The call for help was urgent. More than 5,000 internally displaced people in South Sudan, the world’s youngest nation, were suffering. What they had and needed in Akurwai could be summed up in four words: very little and nearly everything. Humanitarian aid groups wanted to help but travel conditions and supply-chain logistics stopped most of them.
But not IMA World Health. With funding from the U.S. Agency for International Development’s Office of Foreign Disaster Assistance, IMA has been able to provide emergency health services in South Sudan since 2014. Often, the journey to provide these vital services to some of the most vulnerable people in the world is filled with challenges.
During the spring of 2018, a five-member team set out to transport desperately-needed supplies and medicine to a group of people who had fled violence and settled in Akurwa and Aderi in Kak Payam. The trip, led by IMA Medical Supervisor Dr. Oleny Amum and field coordinator Lugi Adwok, had numerous hurdles. Parts of the area had no roads and where there were roads, they were impassable because of the rainy season. The team had encountered this problem before and knew a tractor was their only option. But even its massive wheels were no match for the muddy terrain.
At one point, the tractor was mired so deeply in mud that members of the team had to leave it and stay in local villages, waiting for daylight to dig it out. A 3-hour trip during the dry season turned into a 30-hour journey.
“The team couldn’t turn back. We knew the people needed us. They lacked everything, especially health care,” said Duncan Ochol, IMA’s director of programs for South Sudan. “We had to keep going.”
Other than fish and some water from a nearby river, the families in the area had little food and few opportunities to earn income. They had already endured unsettled lives before arriving in Manyo County in the Greater Upper Nile state. Violence had forced them to move to the Magenes area but that provided little refuge. Insecurity was a problem, as was escalating commodity prices and crops destroyed by nomadic livestock. Additional woe was no health care, no educational opportunities and little drinking water.
Akurwai and Aderi did offer much better circumstances.
Humanitarian organizations assessed the situation and began planning a joint mission. There would be health services, nutritional supplements, tools for agriculture and a focus on water, sanitation and hygiene as well as addressing gender-based violence. The World Health Organization would provide interagency emergency health kits, UNICEF would be responsible for nutrition supplements, WASH materials and RH/EPI kits. The Food and Agriculture Organization of the United Nations would be responsible for tools. The logistics cluster would organize transportation to bring the supplies.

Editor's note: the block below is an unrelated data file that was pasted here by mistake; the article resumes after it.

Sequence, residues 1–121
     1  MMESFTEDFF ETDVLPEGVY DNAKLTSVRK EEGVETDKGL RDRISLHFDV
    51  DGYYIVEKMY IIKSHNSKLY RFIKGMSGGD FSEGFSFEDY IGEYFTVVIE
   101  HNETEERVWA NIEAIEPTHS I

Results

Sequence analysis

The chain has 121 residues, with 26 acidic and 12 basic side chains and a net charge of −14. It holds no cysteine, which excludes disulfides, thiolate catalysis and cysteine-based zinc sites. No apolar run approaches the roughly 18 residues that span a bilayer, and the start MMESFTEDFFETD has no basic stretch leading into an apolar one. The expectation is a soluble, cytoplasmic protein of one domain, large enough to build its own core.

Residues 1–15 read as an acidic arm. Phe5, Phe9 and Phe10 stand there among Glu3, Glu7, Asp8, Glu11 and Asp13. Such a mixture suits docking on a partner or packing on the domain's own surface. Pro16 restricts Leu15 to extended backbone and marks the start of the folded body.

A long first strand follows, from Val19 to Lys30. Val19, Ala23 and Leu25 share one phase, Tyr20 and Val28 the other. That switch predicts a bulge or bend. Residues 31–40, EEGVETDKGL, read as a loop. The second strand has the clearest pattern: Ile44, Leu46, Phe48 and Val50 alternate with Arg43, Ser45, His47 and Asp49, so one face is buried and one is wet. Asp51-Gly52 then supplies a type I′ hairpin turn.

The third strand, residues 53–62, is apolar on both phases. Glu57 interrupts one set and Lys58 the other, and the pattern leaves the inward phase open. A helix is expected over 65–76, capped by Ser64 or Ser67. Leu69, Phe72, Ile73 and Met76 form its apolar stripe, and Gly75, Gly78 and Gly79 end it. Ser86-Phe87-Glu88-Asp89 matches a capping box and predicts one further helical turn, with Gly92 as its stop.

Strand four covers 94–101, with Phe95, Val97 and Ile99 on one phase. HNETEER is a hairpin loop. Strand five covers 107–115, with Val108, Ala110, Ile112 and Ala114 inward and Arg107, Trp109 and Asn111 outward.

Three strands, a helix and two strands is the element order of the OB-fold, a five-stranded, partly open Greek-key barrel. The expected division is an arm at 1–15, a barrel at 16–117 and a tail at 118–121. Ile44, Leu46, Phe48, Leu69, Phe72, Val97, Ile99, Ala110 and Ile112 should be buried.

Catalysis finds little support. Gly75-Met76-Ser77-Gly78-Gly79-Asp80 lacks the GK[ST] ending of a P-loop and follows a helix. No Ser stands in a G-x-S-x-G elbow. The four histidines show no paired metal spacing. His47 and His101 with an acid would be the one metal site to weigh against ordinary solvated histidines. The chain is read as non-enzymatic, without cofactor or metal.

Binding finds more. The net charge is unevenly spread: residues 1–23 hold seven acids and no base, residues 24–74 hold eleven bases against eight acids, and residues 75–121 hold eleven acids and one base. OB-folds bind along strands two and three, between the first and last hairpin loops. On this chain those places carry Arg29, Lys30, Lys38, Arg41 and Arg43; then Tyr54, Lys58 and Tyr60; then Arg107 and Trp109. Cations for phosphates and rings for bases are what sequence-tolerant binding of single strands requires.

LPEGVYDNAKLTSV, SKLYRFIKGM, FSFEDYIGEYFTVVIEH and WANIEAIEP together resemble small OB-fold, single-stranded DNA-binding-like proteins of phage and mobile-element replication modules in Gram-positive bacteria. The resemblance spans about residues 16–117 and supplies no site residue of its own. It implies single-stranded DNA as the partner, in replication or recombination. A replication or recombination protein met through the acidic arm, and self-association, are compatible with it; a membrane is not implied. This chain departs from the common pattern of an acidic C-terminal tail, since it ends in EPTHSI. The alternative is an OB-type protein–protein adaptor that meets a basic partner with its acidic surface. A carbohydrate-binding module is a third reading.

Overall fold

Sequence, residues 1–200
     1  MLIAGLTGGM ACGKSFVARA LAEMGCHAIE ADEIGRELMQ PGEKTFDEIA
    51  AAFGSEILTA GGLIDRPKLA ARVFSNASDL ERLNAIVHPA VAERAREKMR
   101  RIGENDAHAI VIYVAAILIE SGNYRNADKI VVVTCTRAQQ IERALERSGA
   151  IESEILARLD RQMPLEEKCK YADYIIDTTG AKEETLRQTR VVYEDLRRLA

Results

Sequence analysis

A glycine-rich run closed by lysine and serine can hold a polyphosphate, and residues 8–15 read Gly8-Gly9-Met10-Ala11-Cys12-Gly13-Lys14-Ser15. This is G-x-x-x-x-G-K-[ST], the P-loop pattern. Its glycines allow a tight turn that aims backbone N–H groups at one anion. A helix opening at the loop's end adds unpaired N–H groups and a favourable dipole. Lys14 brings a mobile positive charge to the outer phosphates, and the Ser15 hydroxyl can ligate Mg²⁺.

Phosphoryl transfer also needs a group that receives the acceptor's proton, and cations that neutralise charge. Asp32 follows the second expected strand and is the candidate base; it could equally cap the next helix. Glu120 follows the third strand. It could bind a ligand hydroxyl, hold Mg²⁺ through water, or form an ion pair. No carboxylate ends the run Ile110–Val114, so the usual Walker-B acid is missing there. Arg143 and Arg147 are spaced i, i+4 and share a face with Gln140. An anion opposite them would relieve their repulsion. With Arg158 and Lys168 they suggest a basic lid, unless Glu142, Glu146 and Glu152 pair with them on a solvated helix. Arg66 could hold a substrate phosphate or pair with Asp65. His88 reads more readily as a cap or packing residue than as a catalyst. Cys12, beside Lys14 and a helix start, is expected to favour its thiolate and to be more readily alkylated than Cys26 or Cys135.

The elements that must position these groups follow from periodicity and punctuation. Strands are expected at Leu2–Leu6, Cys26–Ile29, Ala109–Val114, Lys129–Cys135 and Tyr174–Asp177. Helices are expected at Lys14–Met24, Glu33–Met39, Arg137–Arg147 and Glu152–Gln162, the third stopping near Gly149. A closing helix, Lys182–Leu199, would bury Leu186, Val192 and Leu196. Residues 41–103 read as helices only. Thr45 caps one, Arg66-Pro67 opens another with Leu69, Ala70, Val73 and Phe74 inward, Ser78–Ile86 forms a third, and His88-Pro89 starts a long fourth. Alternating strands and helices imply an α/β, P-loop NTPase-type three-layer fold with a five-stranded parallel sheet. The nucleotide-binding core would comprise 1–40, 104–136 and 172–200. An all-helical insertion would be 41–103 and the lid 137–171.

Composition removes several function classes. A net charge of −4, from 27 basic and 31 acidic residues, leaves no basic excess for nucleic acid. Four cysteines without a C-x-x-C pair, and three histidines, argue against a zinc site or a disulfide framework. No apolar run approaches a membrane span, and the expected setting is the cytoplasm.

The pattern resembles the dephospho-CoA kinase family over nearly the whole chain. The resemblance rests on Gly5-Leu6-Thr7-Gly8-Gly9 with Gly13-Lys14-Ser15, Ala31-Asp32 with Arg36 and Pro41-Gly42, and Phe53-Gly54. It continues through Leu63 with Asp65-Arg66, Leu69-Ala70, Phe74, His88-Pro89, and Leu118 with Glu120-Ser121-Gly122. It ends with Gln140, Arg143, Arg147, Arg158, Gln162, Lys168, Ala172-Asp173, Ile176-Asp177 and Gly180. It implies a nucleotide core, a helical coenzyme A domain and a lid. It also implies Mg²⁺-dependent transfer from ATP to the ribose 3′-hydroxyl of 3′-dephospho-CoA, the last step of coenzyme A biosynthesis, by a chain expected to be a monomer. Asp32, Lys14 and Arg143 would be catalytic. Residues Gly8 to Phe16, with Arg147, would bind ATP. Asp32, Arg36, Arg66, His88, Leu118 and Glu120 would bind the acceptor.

But the rainy season provided a huge hurdle and supplies weren’t available. The mission was canceled, but “IMA opted to go ahead and set up the clinic and provide the much-needed health services using the resources that we had available,” Duncan said.
With materials staged in Aburoc, IMA was able to load a trailer with medical needs. The tractor was used with the plan to begin medical services as soon as the team arrived in the region with the mobile clinic to follow.
And the supply preparations and past experience moving during the rainy season paid off.
The clinical officers and nurses, with the help of leaders in the community, set up and immediately began treating communicable diseases, including malaria, acute respiratory infections and diarrhea, all things usually associated with displaced people living in crowded areas with inadequate water and poor sanitation and access to health care.
Since then, IMA has set up the mobile clinic. Ochol said the organization’s experience in South Sudan is the key.
IMA oversees multiple clinics, each made up of four tents for consultations, antenatal care and delivery, pharmacy/dispensing and a nursing station for procedures such as injections and immunization services. The mobile clinics are also equipped with basic amenities for waste disposal, clean water and security. From September 1, 2017, through June 30, 2018, clinic staff conducted a total of 43,587 outpatient consultations, diagnosing and treating thousands of cases of malaria, acute respiratory infection and diarrhea. Clinic health workers also conduct screenings for malnutrition and community health education on topics like water and sanitation, the use of bed nets and the importance of immunizations.
“We are used to working in an ever-changing environment where vulnerable populations constantly relocate because of insecurity and seasonal flooding,” he said. “With funding from the Office of U.S. Foreign Disaster Assistance, we can provide emergency and primary health care services to these populations wherever they go.”